Sometimes you need to know what your DN is in Active Directory and want a quick way to find it without powershell scripts or AD related tools. This command is the best way I've see thus far to accomplish it:
Recently, I was asked about monitoring Microsoft DHCP IP Address Pools using Log Insight to alert when the pool was exhausted and DHCP requests were failing. There are a couple ways to do this, but I'd like to cover two as a demonstration of getting a bit fancy with your alert queries and it paying off big time!
First off, Microsoft DHCP Servers write their events to a log file - at the end of the day.... so we can parse that file for an Event ID of 14 to see when we ran out. This is easy to do as shown below using Event ID 11 (DHCP Renew) as an example. The regex is simple but unfortunately we get the information way too late!
Enter the Log Insight Agent's ability to read Windows Event Logs! As your DHCP Server starts running low on available addresses in a certain pool it starts to throw warnings in the System Event Log with an Event ID of 1376 that state what percent is currently used and how many addresses are still available.
It would be really cool if we could have Log Insight fire off an alert if these messages showed that we were above 90% used, right? But it's text... how do we do math on text in log messages? The good news is that not only can you accomplish this; it's easy to do!
First off, we need to create an Extracted Field that allows us to treat the value of percentage used as an integer. Simply highlight the number and select "Extract Field"
Now you will have a dialog box on the right hand side that allows you to define what exactly makes this extracted field. Let's look into these options with a bit of detail...
Extracted Value: For this use case you will be leaving this field alone as any changes will remove the type of "Integer". This can be problematic if you have numbers with a comma (1,000) but the engineering team is aware of it. For now, leave it as is.
Pre Context: This is a regex defining what comes before our desired value. In this example it is the word "is" from "is 85 percent full".
Post Context: The same as pre-context just for the regex after the value. It's important to make both the pre and post context detailed enough that they only apply to this exact context/event type. It's better to go a bit overboard with the regex than make it too simple. Just make sure to keep some room available in the text for the next item, keyword search terms....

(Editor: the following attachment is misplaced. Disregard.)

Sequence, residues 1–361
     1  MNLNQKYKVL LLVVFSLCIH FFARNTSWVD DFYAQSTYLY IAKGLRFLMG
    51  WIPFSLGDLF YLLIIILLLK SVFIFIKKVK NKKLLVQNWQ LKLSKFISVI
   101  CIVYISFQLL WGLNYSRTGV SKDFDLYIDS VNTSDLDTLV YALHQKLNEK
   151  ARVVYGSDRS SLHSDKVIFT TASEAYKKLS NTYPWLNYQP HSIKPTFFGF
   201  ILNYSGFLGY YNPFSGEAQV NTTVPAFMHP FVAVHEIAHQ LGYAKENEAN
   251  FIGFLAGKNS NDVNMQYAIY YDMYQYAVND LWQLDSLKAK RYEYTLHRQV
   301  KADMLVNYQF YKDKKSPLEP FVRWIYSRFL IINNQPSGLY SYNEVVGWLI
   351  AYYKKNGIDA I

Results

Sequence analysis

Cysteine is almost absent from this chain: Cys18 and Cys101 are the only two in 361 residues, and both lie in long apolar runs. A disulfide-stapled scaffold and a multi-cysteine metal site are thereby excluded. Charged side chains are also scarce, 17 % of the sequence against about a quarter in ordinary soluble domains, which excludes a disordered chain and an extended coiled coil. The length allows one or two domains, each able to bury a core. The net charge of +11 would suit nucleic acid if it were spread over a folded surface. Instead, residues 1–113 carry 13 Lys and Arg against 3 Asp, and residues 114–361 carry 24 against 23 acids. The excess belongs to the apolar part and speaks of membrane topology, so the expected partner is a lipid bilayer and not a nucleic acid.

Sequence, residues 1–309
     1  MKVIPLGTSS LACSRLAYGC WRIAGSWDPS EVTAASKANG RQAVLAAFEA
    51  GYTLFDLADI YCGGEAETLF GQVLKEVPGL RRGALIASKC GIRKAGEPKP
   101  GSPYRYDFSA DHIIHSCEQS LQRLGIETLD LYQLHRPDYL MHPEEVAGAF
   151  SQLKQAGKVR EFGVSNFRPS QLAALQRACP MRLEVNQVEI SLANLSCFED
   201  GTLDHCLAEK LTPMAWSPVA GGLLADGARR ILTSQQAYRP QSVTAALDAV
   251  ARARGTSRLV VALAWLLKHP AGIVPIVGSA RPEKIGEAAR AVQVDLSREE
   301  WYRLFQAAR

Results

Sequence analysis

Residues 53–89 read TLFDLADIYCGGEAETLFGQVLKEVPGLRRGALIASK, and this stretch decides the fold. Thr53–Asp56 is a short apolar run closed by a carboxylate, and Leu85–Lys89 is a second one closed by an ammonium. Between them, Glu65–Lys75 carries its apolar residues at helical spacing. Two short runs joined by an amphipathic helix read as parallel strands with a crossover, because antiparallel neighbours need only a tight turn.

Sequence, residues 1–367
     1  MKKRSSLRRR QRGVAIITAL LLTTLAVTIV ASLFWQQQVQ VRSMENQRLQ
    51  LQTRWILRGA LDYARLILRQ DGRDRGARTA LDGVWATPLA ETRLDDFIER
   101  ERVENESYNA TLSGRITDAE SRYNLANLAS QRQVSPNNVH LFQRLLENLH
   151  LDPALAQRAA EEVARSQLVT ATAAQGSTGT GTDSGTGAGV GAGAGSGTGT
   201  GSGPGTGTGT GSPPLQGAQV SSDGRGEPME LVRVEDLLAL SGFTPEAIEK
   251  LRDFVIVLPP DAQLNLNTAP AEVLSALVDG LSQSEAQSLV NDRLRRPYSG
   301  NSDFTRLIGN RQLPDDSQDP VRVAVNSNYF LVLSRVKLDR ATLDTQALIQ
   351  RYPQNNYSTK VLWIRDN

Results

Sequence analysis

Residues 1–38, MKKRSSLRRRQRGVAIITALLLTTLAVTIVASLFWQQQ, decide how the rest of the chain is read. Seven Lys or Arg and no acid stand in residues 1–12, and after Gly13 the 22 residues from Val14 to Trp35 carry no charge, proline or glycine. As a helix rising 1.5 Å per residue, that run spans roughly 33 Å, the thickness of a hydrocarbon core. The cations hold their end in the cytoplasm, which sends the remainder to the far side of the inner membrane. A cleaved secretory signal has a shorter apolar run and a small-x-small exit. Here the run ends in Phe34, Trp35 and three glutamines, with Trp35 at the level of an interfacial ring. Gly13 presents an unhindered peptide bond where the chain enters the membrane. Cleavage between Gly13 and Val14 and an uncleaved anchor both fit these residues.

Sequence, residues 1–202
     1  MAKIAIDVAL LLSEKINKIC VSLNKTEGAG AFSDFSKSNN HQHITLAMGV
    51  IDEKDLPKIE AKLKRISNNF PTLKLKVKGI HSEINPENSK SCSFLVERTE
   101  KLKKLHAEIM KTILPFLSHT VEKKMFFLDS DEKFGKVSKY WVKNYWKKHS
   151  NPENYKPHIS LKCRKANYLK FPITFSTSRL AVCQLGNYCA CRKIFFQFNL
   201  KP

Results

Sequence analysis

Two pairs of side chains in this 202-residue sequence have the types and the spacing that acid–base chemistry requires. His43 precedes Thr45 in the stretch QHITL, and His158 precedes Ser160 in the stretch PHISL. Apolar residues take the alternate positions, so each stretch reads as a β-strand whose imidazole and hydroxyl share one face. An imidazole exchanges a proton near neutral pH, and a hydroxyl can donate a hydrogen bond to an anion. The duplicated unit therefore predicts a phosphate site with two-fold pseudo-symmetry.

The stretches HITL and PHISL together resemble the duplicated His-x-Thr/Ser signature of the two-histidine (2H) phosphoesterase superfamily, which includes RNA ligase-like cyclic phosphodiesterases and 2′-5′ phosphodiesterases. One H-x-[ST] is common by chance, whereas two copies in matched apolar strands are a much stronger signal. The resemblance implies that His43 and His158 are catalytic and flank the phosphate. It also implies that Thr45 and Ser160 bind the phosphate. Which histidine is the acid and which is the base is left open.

Additional Context (keyword search terms): In this section you'll want to add in keywords that are found in the data outside of your regex. In this case my keywords match strings found before my pre-context regex. These are important as they help improve your query performance and lighten the load on your Log Insight Server.
Additional Context (filter): Why search through 2 billion events when you only need to search 100? That's exactly why you should also use filters to help narrow down where this Extracted Field will apply. Your users will thank your for keeping the performance on your Log Insight Server at peak efficiency!
Now that we have our Extracted Field defined we can modify our initial query to have an additional filter that says "ms_dhcp_pool_use_percent" (Name of our new Extracted Field) is greater that X%! This is demonstrated in the below screenshot where everything below 86% is dropped, and consequentially, would never be alerted on.
Lastly we need to define an alert off of our new query. Select the little red bell and select "Create Alert from Query"
Here we define the new alert properties for when our alert query returns a result.
And with that you're done!
Special thanks to my co-worker Simon Long for bringing up the need for this cool use case!